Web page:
Mu Cheatsheet

Here are some tips for using mu. If you want to know more, please refer to the mu man pages. For a quick warm-up, there’s also the mu-easy man-page.

Indexing your mail

$ mu index

If mu did not guess the right Maildir, you can set it explicitly:

$ mu index --maildir=~/MyMaildir

Excluding directories from indexing

If you want to exclude certain directories from being indexed (for example, directories with spam-messages), put a file called .noindex in the directory to exclude, and it will be ignored when indexing (including its children)

Finding messages

After you have indexed your messages, you can search them. Here are some examples. Also note the --threads argument to get a threaded display of the messages, and --color to get colors (both since 0.9.7).

messages about Helsinki (in message body, subject, sender, …)

$ mu find Helsinki

messages to Jack with subject jellyfish containing the word tumbleweed

$ mu find to:Jack subject:jellyfish tumbleweed

messages between 2 kilobytes and a 2Mb, written in December 2009 with an attachment from Bill

$ mu find size:2k..2m date:20091201..20093112 flag:attach from:bill

signed messages about apples OR oranges

$ mu find flag:signed apples OR oranges

messages about yoghurt in the Sent Items folder (note the quoting):

$ mu find maildir:'/Sent Items' yoghurt

unread messages about things starting with ‘soc’ (soccer, society, socrates, …)

$ mu find 'subject:soc*' flag:unread

Note, the ‘’ only works at the /end/ of a search term, and you need to quote it or the shell will interpret it before mu sees it. (searching using the ‘’ wildcard is available since mu 0.9.6)

finding messages with images as attachment

$ mu find 'mime:image/*' (since mu version 0.9.8)

finding messages with ‘milk’ in one of its text parts (such as text-based attachments):

$ mu find embed:milk (since mu version 0.9.8)

finding /all/ your messages

$ mu find "" (since mu version 0.9.7)

Finding contacts

Contacts (names + email addresses) are cached separately, and can be searched with mu cfind (after your messages have been indexed):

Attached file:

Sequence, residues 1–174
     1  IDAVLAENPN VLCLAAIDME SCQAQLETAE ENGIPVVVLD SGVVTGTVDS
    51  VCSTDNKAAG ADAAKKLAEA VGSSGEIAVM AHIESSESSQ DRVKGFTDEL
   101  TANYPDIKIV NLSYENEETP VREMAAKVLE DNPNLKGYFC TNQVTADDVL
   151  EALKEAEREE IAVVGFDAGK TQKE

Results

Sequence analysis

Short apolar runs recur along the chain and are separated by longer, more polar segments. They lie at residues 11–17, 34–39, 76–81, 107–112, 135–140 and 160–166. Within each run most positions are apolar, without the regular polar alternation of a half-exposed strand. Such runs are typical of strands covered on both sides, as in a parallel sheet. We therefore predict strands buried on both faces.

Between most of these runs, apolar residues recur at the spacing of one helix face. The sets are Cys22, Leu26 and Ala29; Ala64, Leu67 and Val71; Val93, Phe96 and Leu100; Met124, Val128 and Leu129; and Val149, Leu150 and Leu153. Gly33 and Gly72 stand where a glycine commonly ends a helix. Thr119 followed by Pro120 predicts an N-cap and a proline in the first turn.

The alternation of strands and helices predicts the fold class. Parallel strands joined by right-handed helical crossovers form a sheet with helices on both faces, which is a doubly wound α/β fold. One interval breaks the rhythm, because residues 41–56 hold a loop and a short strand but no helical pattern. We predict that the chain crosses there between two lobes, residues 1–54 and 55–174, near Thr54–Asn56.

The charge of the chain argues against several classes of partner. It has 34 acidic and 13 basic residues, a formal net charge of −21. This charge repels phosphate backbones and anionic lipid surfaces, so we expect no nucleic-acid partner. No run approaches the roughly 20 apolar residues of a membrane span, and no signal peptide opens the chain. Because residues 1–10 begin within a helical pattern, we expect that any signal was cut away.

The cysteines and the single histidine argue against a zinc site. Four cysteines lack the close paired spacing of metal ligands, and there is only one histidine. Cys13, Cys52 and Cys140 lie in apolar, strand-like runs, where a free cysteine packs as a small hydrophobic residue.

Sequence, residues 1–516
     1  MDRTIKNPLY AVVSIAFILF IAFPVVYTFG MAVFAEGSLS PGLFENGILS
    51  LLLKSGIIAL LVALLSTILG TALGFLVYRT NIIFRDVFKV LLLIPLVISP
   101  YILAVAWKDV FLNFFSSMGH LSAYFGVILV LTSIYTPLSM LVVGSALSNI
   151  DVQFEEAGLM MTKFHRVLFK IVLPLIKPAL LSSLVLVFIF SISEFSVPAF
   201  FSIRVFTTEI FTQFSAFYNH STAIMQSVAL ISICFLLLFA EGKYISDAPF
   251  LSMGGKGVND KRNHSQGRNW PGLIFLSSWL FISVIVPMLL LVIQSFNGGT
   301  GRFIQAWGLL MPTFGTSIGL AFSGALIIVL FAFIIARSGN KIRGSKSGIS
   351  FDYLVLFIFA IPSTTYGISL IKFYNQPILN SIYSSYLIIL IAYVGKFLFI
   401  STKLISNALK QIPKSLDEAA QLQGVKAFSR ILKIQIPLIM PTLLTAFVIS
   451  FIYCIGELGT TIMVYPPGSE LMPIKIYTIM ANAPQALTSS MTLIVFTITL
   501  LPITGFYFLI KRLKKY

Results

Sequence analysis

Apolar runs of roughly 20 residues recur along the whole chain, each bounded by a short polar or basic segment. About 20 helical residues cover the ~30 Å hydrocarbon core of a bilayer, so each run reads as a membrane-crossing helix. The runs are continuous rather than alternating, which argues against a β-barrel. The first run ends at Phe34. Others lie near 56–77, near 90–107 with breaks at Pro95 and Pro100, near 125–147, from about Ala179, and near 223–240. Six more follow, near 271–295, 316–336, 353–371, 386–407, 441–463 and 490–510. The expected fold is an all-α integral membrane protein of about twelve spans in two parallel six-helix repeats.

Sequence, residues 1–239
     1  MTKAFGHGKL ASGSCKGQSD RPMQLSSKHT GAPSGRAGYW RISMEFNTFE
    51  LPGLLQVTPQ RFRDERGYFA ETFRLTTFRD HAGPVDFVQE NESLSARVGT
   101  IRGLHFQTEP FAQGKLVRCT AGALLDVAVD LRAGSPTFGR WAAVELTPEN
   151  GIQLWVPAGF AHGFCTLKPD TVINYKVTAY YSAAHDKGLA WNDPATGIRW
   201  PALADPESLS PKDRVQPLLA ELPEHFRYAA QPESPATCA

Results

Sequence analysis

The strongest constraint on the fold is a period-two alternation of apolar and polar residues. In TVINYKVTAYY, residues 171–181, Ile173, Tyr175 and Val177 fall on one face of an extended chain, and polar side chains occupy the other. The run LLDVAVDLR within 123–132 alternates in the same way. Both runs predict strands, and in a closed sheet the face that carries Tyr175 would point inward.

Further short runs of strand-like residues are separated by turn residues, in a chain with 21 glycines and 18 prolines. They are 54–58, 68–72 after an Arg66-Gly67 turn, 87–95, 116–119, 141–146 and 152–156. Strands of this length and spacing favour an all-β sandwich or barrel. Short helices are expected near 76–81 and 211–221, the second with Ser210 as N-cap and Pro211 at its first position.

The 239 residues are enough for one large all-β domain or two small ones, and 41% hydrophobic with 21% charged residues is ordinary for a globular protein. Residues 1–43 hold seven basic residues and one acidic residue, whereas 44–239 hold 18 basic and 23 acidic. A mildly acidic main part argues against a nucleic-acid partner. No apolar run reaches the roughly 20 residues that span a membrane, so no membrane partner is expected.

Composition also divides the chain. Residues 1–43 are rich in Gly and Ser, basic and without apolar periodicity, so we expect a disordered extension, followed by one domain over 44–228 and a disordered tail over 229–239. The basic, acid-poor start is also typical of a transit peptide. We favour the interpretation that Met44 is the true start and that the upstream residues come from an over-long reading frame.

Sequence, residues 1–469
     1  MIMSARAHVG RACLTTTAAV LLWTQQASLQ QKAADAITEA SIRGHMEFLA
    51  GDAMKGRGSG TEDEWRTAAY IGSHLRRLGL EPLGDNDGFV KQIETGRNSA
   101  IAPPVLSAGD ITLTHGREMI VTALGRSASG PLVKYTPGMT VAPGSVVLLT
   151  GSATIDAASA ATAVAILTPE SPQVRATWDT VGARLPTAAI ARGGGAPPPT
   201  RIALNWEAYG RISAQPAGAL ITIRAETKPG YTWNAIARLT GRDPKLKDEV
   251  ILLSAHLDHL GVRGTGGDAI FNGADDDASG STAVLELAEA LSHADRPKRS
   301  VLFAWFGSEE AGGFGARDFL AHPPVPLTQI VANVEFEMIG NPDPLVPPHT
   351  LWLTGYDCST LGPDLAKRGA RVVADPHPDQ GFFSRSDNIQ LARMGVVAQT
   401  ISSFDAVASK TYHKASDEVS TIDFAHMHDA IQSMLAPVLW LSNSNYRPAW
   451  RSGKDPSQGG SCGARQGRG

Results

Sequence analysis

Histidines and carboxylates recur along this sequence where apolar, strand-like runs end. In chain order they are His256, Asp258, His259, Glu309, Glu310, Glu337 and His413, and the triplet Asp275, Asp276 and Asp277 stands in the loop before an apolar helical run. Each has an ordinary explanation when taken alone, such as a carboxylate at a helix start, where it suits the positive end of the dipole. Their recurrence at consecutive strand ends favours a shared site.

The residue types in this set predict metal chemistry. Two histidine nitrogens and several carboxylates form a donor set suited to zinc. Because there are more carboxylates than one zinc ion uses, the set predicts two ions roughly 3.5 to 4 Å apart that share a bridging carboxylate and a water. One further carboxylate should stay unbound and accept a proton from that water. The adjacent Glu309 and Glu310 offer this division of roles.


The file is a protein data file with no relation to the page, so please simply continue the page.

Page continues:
all contacts with ‘john’ in either name or e-mail address

$ mu cfind john

`mu cfind` takes a regular expression for matching.

You can export the contact information to a number of formats for use in e-mail clients. For example:

export /all/ your contacts to the mutt addressbook format

$ mu cfind --format=mutt-alias

Other formats are: plain, mutt-ab, wl (Wanderlust), org-contact, bbdb and csv (comma-separated values).

Retrieving attachments from messages

You can retrieve attachments from messages using mu extract, which takes a message file as an argument. Without any other arguments, it displays the MIME-parts of the message. You can then get specific attachments:

$ mu extract --parts=3,4 my-msg-file

will get you parts 3 and 4. You can also extract files based on their name:

$ mu extract my-msg-file '.*\.jpg'

The second argument is a case-insensitive regular expression, and the command will extract any files matching the pattern – in the example, all .jpg-files.

Do not confuse the ‘.’ /regular expression/ in mu extract (and mu cfind) with the ‘’ /wildcard/ in mu find.

Getting more colorful output

Some of the mu commands, such as mu find, mu cfind and mu view support colorized output. By default this is turned off, but you can enable it with --color, or setting the MU_COLORS environment variable to non-empty.

$ mu find --color capibara

(since mu version 0.9.6)

Integration with mail clients

The mu-find man page contains examples for mutt and wanderlust. And since version 0.9.8, mu includes its own e-mail client for emacs, mu4e.

Viewing specific messages

You can view message contents with mu view; it does not use the database and simply takes a message file as it’s argument:

$ mu view ~/Maildir/inbox/cur/message24

You can also use --color to get colorized output, and --summary to get a summary of the message contents instead of the whole thing.

Further processing of matched messages

If you need to process the results of your queries with some other program, you can return the results as a list of absolute paths to the messages found:

For example, to get the number of lines in all your messages mentioning /banana/, you could use something like:

$ mu find --exec='wc -l'

Note that we use ‘l’, so the returned message paths will be quoted. This is useful if you have maildirs with spaces in their names.

For further processing, also the ~–format`(xml|sexp)~ can be useful. For example,

$ mu find --format=xml pancake

will give you a list of pancake-related messages in XML-format.